1. #1
    I just tested the The Ta152 regarding overheating and it's actually amazing what this plane can do.

    It can fly until it runs out of fuel on 99% throttle with the radiator closed.

    It only overheats when you engage the booster or fly on 110% for a while and the only thing you have to do is trottle down for a few seconds and the overheat message is gone.
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  2. #2
    I just tested the The Ta152 regarding overheating and it's actually amazing what this plane can do.

    It can fly until it runs out of fuel on 99% throttle with the radiator closed.

    It only overheats when you engage the booster or fly on 110% for a while and the only thing you have to do is trottle down for a few seconds and the overheat message is gone.
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  3. #3
    You got my support Cappadocian, Hang in there!

    SeaFireLIV...


    Soon... Very soon....
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  4. #4
    Capp, I think Oleg said something to the effect that between the Dora and Ta-152 one was overheating too fast on auto and one was overheating too slowly. He wouldn't say which. Anyway, this gives an indication that the overheat times for those planes are being examined. I just hope he looks at the La-5's also, is there a reason that they take such a long time to overheat, even with boost on, 110% throttle, and radiator closed. It is just silly. Haven't checked in AEP yet but I will tonight, though I doubt it was changed the La's have always ignored heat for the most part. Spitfire also has overheat issues IMO, but I may be wrong (too long to overheat, too hard to get rid of heat).



    Formerly Kyrule2
    http://www.jg51.com/
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  5. #5
    I think it would be wise to overlook all the planes regarding overheating and engine cooling, as I suggested in the first place.

    I bet if we all started testing more planes we will have a longer list then just the Ta, La's and the Spits.
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  6. #6
    robban75's Avatar Senior Member
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    When doing the climbtests I've noticed that the planes less prone to overheating is the La-7 and La-5. The La-5 didn't overheat at all.



    When it comes to aircombat, I'd rather be lucky than good any day!
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  7. #7
    I agree Capp, overheat times are one of my major gripes with this sim. The La-5 not overheating is completely wrong IMO and I can't believe it has not been addressed. The La-5 ('42) already has ridiculous speed numbers at sea-level, and with no overheat its even worse.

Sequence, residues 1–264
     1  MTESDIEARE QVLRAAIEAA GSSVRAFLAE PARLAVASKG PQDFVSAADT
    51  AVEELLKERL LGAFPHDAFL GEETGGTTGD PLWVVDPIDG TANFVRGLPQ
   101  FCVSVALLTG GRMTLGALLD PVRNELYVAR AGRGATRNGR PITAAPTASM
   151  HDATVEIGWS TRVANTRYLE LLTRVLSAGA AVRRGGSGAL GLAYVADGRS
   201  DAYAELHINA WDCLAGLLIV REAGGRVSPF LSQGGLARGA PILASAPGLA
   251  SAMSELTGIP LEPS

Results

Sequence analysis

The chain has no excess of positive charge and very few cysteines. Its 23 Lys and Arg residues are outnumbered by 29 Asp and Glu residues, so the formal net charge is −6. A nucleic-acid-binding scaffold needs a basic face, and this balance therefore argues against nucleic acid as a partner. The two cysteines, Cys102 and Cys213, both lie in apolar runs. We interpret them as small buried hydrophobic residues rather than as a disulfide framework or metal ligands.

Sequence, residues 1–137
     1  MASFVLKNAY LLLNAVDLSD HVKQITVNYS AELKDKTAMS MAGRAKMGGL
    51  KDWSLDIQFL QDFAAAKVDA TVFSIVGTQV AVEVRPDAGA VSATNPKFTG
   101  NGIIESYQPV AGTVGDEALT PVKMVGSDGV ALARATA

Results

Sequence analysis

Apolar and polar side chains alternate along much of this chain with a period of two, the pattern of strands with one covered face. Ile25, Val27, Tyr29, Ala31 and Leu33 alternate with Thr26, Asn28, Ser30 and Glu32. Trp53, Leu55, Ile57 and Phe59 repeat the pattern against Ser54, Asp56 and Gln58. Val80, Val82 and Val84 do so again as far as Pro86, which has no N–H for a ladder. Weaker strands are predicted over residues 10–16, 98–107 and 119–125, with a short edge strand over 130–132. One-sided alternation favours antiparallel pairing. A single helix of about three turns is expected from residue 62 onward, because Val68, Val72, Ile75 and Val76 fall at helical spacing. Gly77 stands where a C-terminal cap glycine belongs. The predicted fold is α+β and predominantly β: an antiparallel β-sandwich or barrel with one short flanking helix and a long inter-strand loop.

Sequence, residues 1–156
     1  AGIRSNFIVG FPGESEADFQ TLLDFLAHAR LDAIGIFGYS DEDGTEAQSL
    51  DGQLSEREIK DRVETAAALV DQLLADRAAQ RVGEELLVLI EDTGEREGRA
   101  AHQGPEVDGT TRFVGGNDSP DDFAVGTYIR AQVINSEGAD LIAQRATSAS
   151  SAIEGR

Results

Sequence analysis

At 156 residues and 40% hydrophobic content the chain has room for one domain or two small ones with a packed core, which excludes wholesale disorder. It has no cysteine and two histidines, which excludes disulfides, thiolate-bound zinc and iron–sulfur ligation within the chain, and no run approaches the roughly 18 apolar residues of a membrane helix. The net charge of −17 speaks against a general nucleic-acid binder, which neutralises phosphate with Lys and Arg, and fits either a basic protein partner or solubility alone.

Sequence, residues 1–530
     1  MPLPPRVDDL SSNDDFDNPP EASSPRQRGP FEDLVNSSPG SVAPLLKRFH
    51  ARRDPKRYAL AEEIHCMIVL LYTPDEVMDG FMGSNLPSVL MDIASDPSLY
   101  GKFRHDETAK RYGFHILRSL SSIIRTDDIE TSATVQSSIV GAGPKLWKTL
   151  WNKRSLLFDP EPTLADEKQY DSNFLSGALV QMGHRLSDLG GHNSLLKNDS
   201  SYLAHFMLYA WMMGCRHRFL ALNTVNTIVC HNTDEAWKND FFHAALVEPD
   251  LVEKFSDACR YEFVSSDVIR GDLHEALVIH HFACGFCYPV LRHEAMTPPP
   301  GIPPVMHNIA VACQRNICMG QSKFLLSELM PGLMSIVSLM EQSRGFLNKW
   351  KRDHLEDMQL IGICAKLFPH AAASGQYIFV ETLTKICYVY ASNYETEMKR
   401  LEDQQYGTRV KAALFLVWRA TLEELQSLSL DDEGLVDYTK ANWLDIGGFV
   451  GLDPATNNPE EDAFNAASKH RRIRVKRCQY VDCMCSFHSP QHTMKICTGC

Formerly Kyrule2
    http://www.jg51.com/
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  8. #8
    Ta-152 could fly at max setting for half and hour, that's in the manual.
    If you were talking about all the planes you should have picked Spitfire. Ta-152 is a very poorly choosen example. It really could run forever at the highest settings - for example it could fly at climb and combat setting (military setting) without limit, whereas planes like P-51, P-47, P-40 and others could maintain it for 5 minutes only.

    [This message was edited by crazyivan1970 on Tue March 16 2004 at 02:46 PM.]
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  9. #9
    "If you were talking about all the planes you should have picked Spitfire"

    Huck, we already agreed that the Spits needed to be looked at so I see no reason to open another topic about that subject.

    "Ta-152 is a very poorly choosen example. It really could run forever at the highest settings - for example it could fly at climb and combat setting (military setting) without limit"

    With the cowl flaps closed?

    Forever?

    Highest settings?

    Without limit?

    I find that very hard to believe since all piston engines need cooling at some point.
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  10. #10
    Considering the poor quality of LW engines componet construction at the end of the war, and poor workmanship from forced labour at the componet factories, I doubt very much any LW fighters engine could run to spec, much less an indefinite run at full power.

    Ie, JG 26's operational D-9s were blowing oil lines etc, just running up their engines for takeoff , the lines could not withstand the pressure.

    Other componets also let go from stress that never would have occured in 1942 - 1943 due to higher QC standards, and factory acceptance tests, but in mid late 1944 the lack of fuel etc, prevented normal testsing of finished AC so operational units got to do the testing on combat sorties.

    Regards, John Waters

    ---------
    Notice: Spelling mistakes left in for people who need to correct others to make their life fulfilled.

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    "We've got the finest tanks in the world. We just love to see the German Royal Tiger come up on the field".

    Lt.Gen. George S. Patton, Jr. Febuary 1945.
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